A researcher at Hauptman-Woodward Medical Research Institute has moved a step closer to a cure, and possibly the prevention, of the most common type of breast cancer.
Debashis Ghosh, a senior research scientist, reached a milestone by determining the third and last structure of Aromatase, an enzyme used by the human body to create estrogen.
This work will enable further research to develop drugs to specifically target estrogen-dependent tumours in breast cancer.
"This is a dream come true," Dr. Debashis Ghosh, an HWI senior research scientist and a principal investigator who also holds a joint faculty appointment at the Roswell Park Cancer Institute (RPCI), said.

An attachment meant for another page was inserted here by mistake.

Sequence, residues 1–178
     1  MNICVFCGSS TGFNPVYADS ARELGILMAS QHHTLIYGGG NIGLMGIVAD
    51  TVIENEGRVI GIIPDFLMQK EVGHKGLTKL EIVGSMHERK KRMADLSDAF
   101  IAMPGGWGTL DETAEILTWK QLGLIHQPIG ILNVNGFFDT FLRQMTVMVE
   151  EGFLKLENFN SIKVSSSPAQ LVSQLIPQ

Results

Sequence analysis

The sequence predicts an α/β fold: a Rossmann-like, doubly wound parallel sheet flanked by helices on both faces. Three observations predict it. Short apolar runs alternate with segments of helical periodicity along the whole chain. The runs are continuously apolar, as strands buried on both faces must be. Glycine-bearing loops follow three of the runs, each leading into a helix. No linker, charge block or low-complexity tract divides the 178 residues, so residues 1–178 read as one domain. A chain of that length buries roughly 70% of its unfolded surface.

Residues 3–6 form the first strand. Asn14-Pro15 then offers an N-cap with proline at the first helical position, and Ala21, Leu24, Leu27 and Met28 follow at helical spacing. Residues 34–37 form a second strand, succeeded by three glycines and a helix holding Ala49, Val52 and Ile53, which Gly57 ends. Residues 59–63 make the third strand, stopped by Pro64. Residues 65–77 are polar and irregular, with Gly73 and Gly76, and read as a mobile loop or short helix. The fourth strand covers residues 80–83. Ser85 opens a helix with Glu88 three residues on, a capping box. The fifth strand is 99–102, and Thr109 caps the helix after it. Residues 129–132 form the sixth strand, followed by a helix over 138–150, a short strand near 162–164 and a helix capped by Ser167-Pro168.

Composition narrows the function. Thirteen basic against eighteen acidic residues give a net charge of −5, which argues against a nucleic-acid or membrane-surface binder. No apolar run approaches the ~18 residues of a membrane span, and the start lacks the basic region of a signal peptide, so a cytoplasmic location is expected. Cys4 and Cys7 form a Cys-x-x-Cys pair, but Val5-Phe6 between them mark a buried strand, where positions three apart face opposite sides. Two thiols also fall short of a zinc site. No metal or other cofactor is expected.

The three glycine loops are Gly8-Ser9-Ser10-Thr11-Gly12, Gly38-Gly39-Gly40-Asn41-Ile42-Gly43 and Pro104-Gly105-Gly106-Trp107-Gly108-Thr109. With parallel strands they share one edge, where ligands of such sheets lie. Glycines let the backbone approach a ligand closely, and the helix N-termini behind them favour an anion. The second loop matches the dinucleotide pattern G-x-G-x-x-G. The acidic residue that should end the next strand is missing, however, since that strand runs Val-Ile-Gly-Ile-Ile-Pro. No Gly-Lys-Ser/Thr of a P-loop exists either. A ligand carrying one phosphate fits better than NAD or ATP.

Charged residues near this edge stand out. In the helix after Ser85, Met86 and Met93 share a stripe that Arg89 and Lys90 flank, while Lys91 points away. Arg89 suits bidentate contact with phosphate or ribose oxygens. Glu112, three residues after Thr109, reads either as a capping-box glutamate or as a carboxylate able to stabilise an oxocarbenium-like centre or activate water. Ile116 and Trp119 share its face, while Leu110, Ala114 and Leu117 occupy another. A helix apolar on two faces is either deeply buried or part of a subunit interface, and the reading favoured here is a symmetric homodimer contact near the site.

"Scientists worldwide have been trying for 35 years to crystallize this membrane-bound enzyme and we are the first to succeed. Now that we know the structures of all three key enzymes implicated in estrogen-dependant breast cancers, our goal is to have a personalized cocktail of inhibitors customized to the specific treatment needs of each patient.
"Our knowledge about these three enzymes will enable us to develop three mutually exclusive inhibitors customized to each patient's needs which will work in harmony together with minimal side effects," Ghosh added, the completion of the third enzyme structure follows Ghosh's work on the first structure in 1996 and the second in 2003.
Walter Pangborn, executive vice president at HWI, said: "This means that results from this research will form the basis for novel breast cancer drugs that are highly specific for aromatase, but cause minimal side effects."
The new research will be featured in the scientific journal Nature.